I was born a “blue baby” in 1960. I had pulmonary valve stenosis, an atrial septal defect, and right ventricle hypertrophy. In those days, many of us born with congenital heart defects were not expected to survive into adulthood. I am now 62 years young and plan to hike the Grand Canyon rim to rim next year (if training goes well :/ ). As a child, I did not believe such a hike would be possible for me.
I was born in Welch, WV. The hospital I was born at is now the Stevens Correctional Facility. I used to joke with my mom and ask her what she was in the slammer for. I was lucky the doctor who delivered me recommended to my parents that I should travel to Baltimore to be under the care of the renowned cardiologist Helen B. Taussig. She founded the field of pediatric cardiology and specialized in caring for blue babies at Johns Hopkins Hospital. I had my first open heart surgery there in 1961. Afterward, my parents took me to Baltimore for checkups every year until I made it to adulthood. It wasn’t all bad. I ended up in an international medical journal and in the newspaper with Dr. Taussig!
I’ve always been able to “feel” my heart beat. My wife thinks that is weird. But I can actually feel it. As a child, I wouldn’t talk about my heart because I knew it was different and I didn’t want to be different. I wanted to play all the sports I could and ride my bike. I really loved baseball and, like most kids, dreamed of being a professional player. Well, as you may have guessed, that didn’t exactly happen but I did get to play sports through high school and college.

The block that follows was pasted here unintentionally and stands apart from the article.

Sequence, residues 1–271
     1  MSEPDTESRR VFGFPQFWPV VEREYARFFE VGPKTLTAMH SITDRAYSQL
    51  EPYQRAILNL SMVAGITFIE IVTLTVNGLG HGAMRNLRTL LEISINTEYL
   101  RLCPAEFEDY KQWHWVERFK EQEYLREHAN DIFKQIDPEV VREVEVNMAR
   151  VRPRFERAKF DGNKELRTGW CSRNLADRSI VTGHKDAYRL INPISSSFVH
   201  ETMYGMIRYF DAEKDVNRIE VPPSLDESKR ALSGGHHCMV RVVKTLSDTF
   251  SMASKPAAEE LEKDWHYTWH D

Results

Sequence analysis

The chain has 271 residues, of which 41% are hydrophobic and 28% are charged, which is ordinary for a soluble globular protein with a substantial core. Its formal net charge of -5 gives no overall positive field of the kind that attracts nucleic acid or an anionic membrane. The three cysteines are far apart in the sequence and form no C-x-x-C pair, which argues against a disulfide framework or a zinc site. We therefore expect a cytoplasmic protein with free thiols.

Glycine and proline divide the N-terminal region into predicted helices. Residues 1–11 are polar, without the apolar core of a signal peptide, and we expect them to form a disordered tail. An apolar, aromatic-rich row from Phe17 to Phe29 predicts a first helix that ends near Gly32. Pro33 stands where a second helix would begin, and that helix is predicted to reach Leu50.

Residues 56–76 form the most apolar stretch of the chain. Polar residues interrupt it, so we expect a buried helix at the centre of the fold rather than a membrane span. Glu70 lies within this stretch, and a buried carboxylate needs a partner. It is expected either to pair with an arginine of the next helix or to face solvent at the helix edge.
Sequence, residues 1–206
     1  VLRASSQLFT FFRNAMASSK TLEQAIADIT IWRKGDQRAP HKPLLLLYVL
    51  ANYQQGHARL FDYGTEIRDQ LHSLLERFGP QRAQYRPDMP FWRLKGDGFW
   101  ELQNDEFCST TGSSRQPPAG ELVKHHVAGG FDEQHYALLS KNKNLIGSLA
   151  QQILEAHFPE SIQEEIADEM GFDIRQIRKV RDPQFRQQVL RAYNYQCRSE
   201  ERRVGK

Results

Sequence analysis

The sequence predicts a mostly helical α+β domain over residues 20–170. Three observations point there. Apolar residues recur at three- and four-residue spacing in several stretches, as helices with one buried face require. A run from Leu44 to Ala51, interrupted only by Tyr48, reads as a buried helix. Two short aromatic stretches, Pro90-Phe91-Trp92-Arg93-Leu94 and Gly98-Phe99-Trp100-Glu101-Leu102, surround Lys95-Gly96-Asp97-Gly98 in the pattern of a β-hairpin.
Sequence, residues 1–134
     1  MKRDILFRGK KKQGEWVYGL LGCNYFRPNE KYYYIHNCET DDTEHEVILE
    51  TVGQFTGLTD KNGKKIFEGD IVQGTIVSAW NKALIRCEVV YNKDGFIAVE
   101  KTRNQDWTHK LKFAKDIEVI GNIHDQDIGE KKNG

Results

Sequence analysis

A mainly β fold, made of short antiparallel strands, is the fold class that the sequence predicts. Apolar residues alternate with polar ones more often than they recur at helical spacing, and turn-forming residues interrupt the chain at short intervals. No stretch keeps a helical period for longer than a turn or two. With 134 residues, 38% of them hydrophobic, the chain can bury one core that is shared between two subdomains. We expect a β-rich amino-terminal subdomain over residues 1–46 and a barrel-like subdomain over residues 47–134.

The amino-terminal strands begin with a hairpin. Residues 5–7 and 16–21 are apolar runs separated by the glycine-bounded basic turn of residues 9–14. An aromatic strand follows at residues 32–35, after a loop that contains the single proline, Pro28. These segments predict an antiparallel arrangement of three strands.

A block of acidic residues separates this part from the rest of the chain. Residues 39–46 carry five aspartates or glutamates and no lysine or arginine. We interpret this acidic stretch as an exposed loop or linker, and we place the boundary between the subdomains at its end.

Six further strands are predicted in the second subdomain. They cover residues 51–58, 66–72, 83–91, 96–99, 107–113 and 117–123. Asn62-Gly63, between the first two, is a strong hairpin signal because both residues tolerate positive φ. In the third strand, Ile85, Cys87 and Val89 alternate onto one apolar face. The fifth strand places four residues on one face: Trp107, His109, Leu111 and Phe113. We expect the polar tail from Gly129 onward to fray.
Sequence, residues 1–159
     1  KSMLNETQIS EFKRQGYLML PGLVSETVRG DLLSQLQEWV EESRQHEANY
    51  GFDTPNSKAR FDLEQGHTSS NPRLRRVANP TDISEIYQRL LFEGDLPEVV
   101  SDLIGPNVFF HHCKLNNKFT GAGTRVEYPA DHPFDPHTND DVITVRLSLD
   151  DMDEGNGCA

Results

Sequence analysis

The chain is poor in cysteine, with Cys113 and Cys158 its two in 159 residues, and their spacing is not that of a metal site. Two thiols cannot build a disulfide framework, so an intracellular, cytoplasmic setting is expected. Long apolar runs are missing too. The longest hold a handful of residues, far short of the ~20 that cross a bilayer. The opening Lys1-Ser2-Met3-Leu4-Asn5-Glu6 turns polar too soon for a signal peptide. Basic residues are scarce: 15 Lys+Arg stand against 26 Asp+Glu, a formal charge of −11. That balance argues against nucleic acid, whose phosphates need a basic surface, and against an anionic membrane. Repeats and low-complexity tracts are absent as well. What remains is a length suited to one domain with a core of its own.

Years went by and life happened. I was supposed to continue with an adult cardiologist after my time at Johns Hopkins, but I felt somewhat cured and really didn’t want to be poked and prodded anymore. I saw a cardiologist occasionally because each time I saw a primary care doctor my heart murmur would show up and lead to a referral for a checkup. It wasn’t until 2015, at the tender age of 55, that I started having problems again. Shortness of breath and sharp pains in the middle of my chest sent me back to the cardiologist. Luckily, I was in Raleigh, NC and close to Duke University where I had my second open heart surgery.
I am now part of the double zipper club. The second open heart surgery was a long one. Over time, I developed a pulmonary artery aneurysm due to my pulmonary valve closing up again. But that’s not all, I developed some other complications as well. When the surgery was finally over, I had my pulmonary artery trunk replaced with a Dacron graft, the valve opened up again, the atrial septal defect closed, and a band was put around my tricuspid valve. The surgery also fixed the sharp pain in my chest which was due to pressure on a coronary artery from the aneurysm. Whew! I wasn’t the best-behaving patient at the hospital when I woke up a little too early with a ventilator down my throat! After receiving some happy meds, I managed to behave. My family and friends helped me recover and I was back home within a week.
Since that surgery, I have a renewed appreciation of how short life is. I never expected to make it this long. So I retired early to enjoy traveling and exploring with my wife and our pets Barley and Lola. Although the pets were not my idea, I would miss them if they weren’t with us. So what is next? Stay tuned.